First off, i’m not an AS developer/employee so i’m not really an expert when it comes to how they actually implemented something. I just googled up anything I could find about LDT’s when I had to decide on their usage and hope this may help you a bit with your data model.
First off, forget the mentioned 10kb. Been wrong. According to the sizing guide it should be closer to 40kb of record size for a full year.
(3653(28bytes bin meta+ 8bytes data)+overhead per record => ~40kb
If my understanding of LDT’s sub-records mechanism is correct, it will not update a block on the ssd but put the whole sub-record (containing a bunch of entries, according to doc’s “ranging from 2kb-200kb” in size) into the LFS system which tries to minify that block writing process using that write cache (not confirmed it actually does for LDT).
I assume, that it will have to (persistently) update the super-structure too, but without looking at the code it’s hard to tell whether it’s implemented like that. BTW, that super structure seems to have a size of ~220 bytes.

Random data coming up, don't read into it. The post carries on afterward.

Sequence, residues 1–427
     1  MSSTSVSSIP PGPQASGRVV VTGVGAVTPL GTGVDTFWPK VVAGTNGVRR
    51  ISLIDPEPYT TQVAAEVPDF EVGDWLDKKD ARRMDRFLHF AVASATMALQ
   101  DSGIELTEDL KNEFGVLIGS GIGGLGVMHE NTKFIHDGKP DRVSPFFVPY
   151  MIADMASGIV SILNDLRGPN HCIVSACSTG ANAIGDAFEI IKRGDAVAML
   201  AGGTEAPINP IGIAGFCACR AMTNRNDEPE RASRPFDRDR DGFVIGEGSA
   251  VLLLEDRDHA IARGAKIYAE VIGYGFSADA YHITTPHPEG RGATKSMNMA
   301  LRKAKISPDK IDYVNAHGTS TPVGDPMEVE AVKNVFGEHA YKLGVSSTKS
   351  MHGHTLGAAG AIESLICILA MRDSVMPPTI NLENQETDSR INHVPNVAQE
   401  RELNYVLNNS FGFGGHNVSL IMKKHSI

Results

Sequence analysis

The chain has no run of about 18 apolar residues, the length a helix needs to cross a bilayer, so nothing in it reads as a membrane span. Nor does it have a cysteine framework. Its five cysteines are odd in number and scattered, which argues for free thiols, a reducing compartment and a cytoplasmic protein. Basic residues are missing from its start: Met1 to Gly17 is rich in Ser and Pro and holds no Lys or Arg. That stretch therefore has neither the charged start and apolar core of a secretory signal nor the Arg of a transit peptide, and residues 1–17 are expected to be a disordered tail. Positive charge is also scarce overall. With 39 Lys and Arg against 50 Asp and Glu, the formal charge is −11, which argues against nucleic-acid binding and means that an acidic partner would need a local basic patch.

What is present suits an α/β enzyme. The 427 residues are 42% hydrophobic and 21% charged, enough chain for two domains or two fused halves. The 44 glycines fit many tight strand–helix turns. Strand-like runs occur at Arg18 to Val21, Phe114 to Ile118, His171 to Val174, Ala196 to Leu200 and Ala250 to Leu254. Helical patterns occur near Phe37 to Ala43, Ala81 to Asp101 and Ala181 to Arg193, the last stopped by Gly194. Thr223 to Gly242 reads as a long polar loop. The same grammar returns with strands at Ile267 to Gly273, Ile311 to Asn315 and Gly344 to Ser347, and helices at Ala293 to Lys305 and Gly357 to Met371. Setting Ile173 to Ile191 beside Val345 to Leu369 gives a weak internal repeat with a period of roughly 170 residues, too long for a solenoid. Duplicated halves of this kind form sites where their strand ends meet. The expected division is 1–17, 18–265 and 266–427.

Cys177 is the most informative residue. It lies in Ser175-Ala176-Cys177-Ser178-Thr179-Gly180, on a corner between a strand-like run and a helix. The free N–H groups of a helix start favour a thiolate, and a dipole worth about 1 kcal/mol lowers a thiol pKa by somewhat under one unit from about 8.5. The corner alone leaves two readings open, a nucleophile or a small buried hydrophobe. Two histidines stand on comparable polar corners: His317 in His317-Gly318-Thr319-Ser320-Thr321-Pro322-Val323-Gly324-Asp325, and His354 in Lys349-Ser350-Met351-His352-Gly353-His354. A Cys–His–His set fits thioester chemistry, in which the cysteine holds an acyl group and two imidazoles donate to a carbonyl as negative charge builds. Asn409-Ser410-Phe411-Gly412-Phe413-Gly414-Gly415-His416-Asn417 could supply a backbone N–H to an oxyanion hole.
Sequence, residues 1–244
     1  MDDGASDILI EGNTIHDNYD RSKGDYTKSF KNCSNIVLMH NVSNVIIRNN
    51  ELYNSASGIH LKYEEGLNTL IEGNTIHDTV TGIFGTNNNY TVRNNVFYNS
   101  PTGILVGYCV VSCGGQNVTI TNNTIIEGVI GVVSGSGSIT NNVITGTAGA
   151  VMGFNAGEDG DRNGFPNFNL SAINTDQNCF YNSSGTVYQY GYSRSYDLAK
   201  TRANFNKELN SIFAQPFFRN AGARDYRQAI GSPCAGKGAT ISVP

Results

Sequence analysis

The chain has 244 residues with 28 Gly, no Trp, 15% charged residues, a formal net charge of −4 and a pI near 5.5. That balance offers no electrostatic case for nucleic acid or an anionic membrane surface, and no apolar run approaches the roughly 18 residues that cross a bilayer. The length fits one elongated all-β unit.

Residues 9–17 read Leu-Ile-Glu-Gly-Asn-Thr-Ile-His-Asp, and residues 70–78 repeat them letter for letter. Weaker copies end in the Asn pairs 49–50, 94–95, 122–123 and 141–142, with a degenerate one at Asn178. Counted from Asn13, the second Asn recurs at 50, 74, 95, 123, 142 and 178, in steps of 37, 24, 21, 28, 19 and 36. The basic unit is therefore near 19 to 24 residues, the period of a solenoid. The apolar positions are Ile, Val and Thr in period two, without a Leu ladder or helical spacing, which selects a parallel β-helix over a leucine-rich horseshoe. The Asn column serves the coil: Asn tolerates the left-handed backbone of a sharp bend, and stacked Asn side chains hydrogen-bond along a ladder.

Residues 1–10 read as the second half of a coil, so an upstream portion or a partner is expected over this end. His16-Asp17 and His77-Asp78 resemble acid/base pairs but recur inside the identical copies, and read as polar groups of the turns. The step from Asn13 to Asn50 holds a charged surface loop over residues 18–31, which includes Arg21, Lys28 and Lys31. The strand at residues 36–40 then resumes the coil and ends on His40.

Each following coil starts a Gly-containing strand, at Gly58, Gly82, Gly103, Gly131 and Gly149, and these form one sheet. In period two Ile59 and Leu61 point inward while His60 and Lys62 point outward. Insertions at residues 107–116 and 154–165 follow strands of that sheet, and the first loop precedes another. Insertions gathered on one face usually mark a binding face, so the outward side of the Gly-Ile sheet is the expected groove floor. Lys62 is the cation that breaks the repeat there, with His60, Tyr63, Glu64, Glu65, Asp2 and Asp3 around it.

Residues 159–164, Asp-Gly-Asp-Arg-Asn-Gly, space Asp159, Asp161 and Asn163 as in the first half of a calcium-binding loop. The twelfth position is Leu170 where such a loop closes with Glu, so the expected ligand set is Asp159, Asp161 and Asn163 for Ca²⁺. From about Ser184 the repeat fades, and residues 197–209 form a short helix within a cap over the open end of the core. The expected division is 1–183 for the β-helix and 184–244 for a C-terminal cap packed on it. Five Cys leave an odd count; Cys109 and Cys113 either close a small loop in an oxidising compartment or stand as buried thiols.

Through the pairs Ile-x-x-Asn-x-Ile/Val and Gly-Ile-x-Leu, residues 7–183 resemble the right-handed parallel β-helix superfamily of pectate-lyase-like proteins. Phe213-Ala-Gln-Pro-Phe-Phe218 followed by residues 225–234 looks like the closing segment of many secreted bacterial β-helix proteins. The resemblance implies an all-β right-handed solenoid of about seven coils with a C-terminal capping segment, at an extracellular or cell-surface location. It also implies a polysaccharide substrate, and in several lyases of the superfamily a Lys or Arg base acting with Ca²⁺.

What I can’t tell you is how to make sure your sub-records are always minimal in size. I would ask that to AS engineers with that offering of a free 30 minutes modeling consulting.
To me, 40kb vs. 2kb (if possible to enforce) sounds worth the extra IOPS (IF ANY in your case, as small LDT’s fallback to some kind of compact mode, so there should be no tree traversal causing additional read OPs and super structure and the compact list could be stored together in the LDT bin…
That’s as far as my knowledge goes. So far I haven’t dug deeper in the code but the only reason I didn’t use LDTs in the beginning was that backup-issue but that one is fixed by now. Yeah, no XDR support but that isn’t an issue with the community version which lacks that feature anyways. Haven’t heard of plans about supporting that. But I’d guess if you are on enterprise and really want that feature, they would develop it for you.
P.S.: If you make any findings regarding this whole topic it would interest me too to hear about them. Idk, maybe an AS engineer will reply here aswell at some point.